I have been an ailurophile for as long as I can remember and I believe that a breakaway collar with identification tags helps protect pet cats, including indoor-only cats.
• Cats can slip out of the house, especially during the busy holiday season! Also, if there’s a house fire or medical emergency or natural disaster, cats can easily slip away unnoticed. Cats can also escape from a car during transport, especially in an accident.
• Cats who spend any time outdoors, even supervised, can go missing if they’re frightened, chased by other animals, or become trapped in a garage, shed or other place.
• Cats, without a collar and ID may be assumed to be lost and then taken away, either to an animal shelter, or home, by a well-meaning good Samaritan.
Providing pet cats with a collar and some form of ID seems like a simple thing, but there are numerous reasons why people don’t provide collars for their cats. Their cat lives indoors, won’t tolerate a collar, can be harmed by a collar, always loses a collar, has a microchip, etc. just to name a few.
Microchips: People without pets may not know about microchips, a permanent form of ID implanted under the skin. Those people may not realize that a cat can be scanned for a microchip by an animal shelter, veterinary clinic, some fire stations, or other facilities that respond to human emergencies to check for an owner. Microchips can be less effective because they need to be registered and kept up to date with pet parent information. They may also require a registration fee, which may be a financial burden to some people. So, although a microchip may be helpful, and I fully recommend one for all pets, a properly fitted breakaway collar with ID is, in my opinion, the best way to clearly indicate that a cat is a pet with an owner. In addition, a collar that’s reflective may provide extra protection at night.
Research has shown that pet parents and cats can be trained to accept collars. Accustom your cat to a collar by putting it on briefly while distracting him with toys, food or treats. Gradually, over a few days, increase the time the collar is on, while always providing positive distractions. During these training sessions, remove the collar only when the cat isn’t fussing over it, or he’ll learn that fussing makes the strange thing on his neck go away.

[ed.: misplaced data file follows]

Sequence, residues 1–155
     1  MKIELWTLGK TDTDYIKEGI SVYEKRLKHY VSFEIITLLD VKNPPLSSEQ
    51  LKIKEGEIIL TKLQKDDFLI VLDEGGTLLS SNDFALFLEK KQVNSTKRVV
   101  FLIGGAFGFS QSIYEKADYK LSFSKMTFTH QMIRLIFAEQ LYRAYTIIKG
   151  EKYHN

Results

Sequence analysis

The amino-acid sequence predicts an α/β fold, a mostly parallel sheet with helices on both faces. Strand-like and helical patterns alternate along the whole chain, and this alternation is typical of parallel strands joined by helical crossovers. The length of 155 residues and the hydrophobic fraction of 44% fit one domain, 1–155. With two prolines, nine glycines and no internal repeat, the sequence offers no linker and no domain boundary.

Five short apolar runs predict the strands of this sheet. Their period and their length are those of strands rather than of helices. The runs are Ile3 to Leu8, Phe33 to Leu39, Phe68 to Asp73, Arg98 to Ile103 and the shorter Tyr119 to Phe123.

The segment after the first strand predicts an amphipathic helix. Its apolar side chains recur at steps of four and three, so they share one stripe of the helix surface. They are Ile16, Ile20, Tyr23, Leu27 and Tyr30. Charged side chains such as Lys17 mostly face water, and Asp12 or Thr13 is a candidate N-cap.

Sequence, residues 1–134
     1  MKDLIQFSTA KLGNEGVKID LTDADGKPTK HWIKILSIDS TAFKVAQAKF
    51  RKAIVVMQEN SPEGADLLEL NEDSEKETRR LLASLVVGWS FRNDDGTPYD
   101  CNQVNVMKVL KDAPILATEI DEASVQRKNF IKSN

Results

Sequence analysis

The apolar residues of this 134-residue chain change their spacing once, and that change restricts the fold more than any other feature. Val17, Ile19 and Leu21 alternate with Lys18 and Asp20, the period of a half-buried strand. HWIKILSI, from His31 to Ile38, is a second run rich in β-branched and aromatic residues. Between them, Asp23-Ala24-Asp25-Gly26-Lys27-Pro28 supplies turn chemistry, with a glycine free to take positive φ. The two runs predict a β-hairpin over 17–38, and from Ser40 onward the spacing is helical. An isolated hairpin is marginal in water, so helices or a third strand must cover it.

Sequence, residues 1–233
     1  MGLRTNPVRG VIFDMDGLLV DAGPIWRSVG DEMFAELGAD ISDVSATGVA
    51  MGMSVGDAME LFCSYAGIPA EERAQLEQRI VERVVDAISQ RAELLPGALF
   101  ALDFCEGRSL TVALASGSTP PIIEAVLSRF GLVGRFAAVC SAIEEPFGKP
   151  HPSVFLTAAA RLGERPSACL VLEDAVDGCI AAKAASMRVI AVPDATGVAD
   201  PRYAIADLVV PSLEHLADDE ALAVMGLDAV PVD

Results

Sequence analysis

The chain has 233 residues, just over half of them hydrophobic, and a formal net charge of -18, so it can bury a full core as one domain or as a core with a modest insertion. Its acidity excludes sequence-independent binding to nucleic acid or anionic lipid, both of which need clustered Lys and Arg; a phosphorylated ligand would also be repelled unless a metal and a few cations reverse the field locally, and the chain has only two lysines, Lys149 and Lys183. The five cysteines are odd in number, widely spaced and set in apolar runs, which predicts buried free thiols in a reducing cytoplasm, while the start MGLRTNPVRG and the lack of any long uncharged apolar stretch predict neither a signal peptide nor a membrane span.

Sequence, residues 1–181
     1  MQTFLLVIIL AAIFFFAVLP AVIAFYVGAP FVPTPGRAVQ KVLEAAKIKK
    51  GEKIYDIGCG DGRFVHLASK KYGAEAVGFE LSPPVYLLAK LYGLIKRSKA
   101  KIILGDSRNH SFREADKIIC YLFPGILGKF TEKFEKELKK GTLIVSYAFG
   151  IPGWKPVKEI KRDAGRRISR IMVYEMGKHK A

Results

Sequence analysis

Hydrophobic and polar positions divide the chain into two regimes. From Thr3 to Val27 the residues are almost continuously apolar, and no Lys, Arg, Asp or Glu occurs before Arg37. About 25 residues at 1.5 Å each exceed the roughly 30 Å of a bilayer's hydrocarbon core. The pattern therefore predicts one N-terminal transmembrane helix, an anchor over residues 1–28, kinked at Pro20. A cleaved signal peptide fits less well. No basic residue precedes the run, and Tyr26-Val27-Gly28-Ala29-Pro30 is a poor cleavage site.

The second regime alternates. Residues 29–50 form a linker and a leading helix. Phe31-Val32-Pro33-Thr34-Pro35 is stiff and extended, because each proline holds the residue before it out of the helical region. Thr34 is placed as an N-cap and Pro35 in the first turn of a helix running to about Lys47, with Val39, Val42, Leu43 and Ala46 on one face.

Observe the cat when first putting on any collar to be sure it isn’t too loose. One that’s too loose may allow the cat to get out of it or get a leg or jaw caught in it.
The collar shouldn’t be too tight, either. Two fingers should fit between the collar and the cat’s neck, and collars should be checked from regularly to be sure they still fit properly, especially on growing kittens.
An engraved ID tag can be attached to the collar. I recommend putting your home and cell phone numbers on one side of the tag and the microchip registry’s phone number and your cat’s microchip number on the opposite side. Make it easy for people to help your cat.
If your cat gets loose or goes missing, it’s important to start searching immediately. Your cat may be trapped somewhere, injured, or worse. If you’re like me, you have lots of photos of your cat, but always try to have a recent, clear, recognizable photo so you can create a lost-cat flyer to provide to local animal shelters, veterinary clinics, neighbors, and to post around your neighborhood. Don’t forget the importance of both word of mouth and social media in your effort to recover your lost cat. If you’re traveling with your pet, it’s a good idea to create a lost-cat flyer ahead of time to take on your trip in the unfortunate event that you need one.
I hope you’re convinced that, along with a microchip, a breakaway collar with ID tags is an important tool in providing your cat the gift of safety.
But, don’t just take my word for it. Check out these resources to help decide what’s best for you and your cat/s.
New study reveals most cats will wear collars
Let’s See Some I.D.
Lost Cat Behavior
~ Nancy Peterson , RVT
Nancy Peterson was a registered veterinary technician and the Community Cats Program Manager for The Humane Society of the United States, the nation’s largest animal protection organization. In retirement, she enjoys serving on the boards of the National Kitten Coalition, Neighborhood Cats, and Mama Paka. She loves fostering kittens for her local animal shelter and writing about all aspects of caring for cats.